's global caravan touched down in London to showcase its Spring collection, and creative director Patrick Robinson was all about the sophisticated and the sexy. When he was growing up, he wasn't alone in thinking of the chain as casual weekendwear. "It was just one part of people's lives," the designer said before yesterday's civilized presentation (kudos to the caterers). "But I've expanded the brand to be seven-days-a-week." Robinson sees this latest collection as putting in place the final components of his four-year revisioning of Gap, which is seeking to re-establish its hold on consumers' hearts and purse strings. He's bumped up the blouses, introduced a soft tailoring element, and brought a new body-consciousness to knitwear, though for most customers, the clearest sign of the changes that he has wrought will still probably be found in his approach to denim: for women, an elongated look fitted through the thigh with a flare toward the ankle; for men, a nonchalant "slim slouch," a slightly dropped crotch with a skinny leg. Then there were the denim's colors: a new bluer blue, contrasted with soft blush shades on a foundation of white.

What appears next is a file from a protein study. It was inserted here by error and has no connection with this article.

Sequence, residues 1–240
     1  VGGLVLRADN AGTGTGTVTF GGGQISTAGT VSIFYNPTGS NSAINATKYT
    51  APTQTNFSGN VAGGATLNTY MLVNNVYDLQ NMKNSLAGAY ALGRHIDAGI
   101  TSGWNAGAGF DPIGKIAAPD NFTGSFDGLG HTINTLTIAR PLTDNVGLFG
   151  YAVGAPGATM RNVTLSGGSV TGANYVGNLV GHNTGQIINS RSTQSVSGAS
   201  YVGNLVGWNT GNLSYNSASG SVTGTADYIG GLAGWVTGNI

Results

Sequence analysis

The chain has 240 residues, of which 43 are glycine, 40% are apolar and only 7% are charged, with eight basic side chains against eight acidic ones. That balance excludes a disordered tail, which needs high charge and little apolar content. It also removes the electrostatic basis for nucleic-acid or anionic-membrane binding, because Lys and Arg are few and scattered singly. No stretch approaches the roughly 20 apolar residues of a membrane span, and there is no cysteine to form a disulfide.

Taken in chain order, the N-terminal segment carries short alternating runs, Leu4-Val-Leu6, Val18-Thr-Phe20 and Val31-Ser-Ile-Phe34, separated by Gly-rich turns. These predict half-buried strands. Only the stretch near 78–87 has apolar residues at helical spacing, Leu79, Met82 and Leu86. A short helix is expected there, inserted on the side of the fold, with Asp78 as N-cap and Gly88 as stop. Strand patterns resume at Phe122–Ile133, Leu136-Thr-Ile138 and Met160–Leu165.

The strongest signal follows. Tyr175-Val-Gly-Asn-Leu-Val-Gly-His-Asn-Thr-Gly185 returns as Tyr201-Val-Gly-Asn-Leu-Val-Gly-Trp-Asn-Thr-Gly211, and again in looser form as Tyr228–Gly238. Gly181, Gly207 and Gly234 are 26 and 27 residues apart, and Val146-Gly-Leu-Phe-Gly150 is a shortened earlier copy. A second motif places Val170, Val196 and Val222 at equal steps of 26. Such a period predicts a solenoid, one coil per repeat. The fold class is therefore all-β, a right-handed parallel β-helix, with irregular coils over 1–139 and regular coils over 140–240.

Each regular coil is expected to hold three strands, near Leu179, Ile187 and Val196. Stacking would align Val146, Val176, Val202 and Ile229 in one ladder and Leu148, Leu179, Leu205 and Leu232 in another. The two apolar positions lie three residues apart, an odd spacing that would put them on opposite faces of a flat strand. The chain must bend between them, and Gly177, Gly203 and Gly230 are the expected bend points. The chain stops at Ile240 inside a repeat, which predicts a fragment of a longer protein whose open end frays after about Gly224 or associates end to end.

What Robinson has brought to the brand is tightly edited precision. "No longer a table with one sweater in 30 colors," he said. Yep, instead of multiples, what stood out yesterday were specific pieces, like the white silk crepe cocktail dress with the keyhole back (Gap? Get used to it!) or the long white cotton skirt with big patch pockets, paired with a cap-sleeved top for an elegant evening option (Gap? Get used to it two times!), or the slouchy hooded jacket, with the volume of a radically cropped djellaba. There was something of the classic Perry Ellis spirit in such easy but chic outfits (Robinson did, after all, design for Ellis at one point). The designer also subtly tipped his cap to Gap's heritage by lining a soft lapel-less jacket with gray sweatshirting.